Sorting mixed type lists in Python 3

18 January 2014   4 comments   Python

Mind That Age!

This blog post is 4 years old! Most likely, its content is outdated. Especially if it's technical.

Because this bit me harder than I was ready for, I thought I'd make a note of it for the next victim.

In Python 2, suppose you have this:

Python 2.7.5
>>> items = [(1, 'A number'), ('a', 'A letter'), (2, 'Another number')]

Sorting them, without specifying how, will automatically notice that it contains tuples:

Python 2.7.5
>>> sorted(items)
[(1, 'A number'), (2, 'Another number'), ('a', 'A letter')]

This doesn't work in Python 3 because comparing integers and strings is not allowed. E.g.:

Python 3.3.3
>>> 1 < '1'
Traceback (most recent call last):
  File "<stdin>", line 1, in <module>
TypeError: unorderable types: int() < str()

You have to convert them to stings first.

Python 3.3.3
>>> sorted(items, key=lambda x: str(x[0]))
[(1, 'A number'), (2, 'Another number'), ('a', 'A letter')]

If you really need to sort by 1 < '1' this won't work. Then you need a more complex key function. E.g.:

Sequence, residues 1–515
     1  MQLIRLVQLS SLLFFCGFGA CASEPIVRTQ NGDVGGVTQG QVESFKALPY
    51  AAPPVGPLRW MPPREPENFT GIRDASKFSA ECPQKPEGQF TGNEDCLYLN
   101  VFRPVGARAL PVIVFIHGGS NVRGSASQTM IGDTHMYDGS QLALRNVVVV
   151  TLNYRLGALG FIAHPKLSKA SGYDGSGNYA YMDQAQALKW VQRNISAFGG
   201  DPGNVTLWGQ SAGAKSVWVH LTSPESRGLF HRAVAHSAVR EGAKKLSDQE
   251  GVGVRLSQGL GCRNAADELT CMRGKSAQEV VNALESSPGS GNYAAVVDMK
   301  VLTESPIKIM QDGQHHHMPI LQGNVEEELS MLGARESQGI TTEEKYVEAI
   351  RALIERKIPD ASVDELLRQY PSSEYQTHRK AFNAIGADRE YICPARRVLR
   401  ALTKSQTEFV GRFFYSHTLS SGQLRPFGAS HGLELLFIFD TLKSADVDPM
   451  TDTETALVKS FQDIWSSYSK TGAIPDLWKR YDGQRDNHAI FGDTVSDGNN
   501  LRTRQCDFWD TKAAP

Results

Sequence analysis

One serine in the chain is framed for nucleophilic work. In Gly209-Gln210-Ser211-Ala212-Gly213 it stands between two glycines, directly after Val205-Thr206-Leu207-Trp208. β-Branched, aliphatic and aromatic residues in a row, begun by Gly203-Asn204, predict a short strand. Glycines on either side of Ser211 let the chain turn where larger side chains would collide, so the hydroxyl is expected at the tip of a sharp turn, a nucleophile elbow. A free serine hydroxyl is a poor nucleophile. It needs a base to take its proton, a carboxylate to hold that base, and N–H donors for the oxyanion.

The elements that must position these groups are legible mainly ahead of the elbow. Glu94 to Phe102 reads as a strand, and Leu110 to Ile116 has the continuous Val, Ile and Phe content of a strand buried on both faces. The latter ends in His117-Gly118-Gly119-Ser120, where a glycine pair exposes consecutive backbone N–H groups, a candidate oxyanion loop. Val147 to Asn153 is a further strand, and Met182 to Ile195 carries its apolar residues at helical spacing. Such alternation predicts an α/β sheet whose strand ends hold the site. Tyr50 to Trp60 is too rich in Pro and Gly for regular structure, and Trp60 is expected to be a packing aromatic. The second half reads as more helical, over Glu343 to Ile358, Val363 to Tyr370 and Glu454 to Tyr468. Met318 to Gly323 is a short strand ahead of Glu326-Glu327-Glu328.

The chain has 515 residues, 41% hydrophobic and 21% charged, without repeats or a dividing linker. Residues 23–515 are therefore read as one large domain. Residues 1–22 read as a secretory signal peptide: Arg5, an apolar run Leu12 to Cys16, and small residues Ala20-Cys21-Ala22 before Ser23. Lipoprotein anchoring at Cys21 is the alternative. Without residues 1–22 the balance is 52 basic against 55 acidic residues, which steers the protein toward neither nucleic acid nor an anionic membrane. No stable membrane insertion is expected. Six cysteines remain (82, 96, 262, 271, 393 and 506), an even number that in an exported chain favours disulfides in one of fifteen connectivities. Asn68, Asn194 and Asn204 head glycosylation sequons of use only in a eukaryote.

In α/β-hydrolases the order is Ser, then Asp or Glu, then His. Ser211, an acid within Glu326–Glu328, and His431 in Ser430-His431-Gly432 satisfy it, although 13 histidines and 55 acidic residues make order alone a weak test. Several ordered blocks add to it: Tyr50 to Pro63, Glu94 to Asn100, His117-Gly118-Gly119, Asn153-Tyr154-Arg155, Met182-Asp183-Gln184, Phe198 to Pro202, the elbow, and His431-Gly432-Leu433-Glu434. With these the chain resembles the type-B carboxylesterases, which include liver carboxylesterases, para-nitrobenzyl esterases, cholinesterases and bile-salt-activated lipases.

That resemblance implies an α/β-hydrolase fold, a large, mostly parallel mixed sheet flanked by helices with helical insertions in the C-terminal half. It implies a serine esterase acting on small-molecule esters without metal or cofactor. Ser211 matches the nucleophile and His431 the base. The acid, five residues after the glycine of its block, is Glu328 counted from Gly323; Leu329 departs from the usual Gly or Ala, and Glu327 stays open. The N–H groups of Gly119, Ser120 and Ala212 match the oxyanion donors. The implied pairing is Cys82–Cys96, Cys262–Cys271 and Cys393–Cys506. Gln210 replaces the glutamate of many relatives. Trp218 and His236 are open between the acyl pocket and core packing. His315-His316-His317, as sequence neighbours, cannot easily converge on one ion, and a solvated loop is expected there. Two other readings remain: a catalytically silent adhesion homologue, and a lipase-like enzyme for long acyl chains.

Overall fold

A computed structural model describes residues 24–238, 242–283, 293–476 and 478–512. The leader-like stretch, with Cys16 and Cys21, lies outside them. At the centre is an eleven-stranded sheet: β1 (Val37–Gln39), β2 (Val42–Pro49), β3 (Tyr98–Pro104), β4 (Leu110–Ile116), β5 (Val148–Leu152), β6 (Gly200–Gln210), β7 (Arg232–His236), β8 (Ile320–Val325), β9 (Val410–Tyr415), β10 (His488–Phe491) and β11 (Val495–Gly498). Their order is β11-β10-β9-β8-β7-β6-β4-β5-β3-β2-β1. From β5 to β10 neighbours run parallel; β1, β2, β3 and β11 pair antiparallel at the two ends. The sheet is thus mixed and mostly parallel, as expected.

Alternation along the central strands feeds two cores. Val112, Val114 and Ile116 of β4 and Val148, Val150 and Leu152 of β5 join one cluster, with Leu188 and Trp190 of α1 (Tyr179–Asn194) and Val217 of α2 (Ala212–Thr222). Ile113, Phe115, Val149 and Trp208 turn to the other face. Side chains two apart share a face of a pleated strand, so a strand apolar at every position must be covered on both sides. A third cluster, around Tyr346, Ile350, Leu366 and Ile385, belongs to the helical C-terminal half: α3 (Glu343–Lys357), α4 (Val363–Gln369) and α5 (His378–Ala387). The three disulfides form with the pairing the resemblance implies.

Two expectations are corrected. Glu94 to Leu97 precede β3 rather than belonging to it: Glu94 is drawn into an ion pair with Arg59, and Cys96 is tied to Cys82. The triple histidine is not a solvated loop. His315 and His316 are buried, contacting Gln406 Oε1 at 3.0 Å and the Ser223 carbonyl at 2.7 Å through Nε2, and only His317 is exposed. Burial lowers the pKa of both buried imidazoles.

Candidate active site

Python 3.3.3
>>> def keyfunction(x):
...   v = x[0]
...   if isinstance(v, int): v = '0%d' % v
...   return v
...
>>> sorted(items, key=keyfunction)
[(1, 'A number'), (2, 'Another number'), ('1', 'Actually a string')]

That's really messy but the best I can come up with at past 4PM on Friday.

Comments

Joseph G. Mitzen
Nice solution! I guess you could make it even messier with a lambda:

sorted(items, key=lambda item: ('' if isinstance(item[0], int) else '0',)+item)
Steve Fink
Or use a tuple as a key:

  sorted(items, key=lambda x: (isinstance(x[0], str), x[0]))

but it seems like it'd be better to not have mixed types in the first place.
Philippe Ombredanne
This is one more reason why Python3 is not really Python
Nicolas
What about integer to tuple comparison?
Python 2 could sort the following, while Python 3 could not. Any suggestions are appreciated.

(1, (11, 8, 7, 6, 2)) # high card 11 (rank5)
(1, (12, 11, 8, 7, 2)) # high card 12 (rank4)
((3, 2), (11, 12)) # full house (triple and pair) (rank1)
((2, 1, 1, 1), (12, 11, 7, 6)) # pair of 12 (rank3)
((3, 1, 1), (12, 6, 3)) # three of 12 (rank2)

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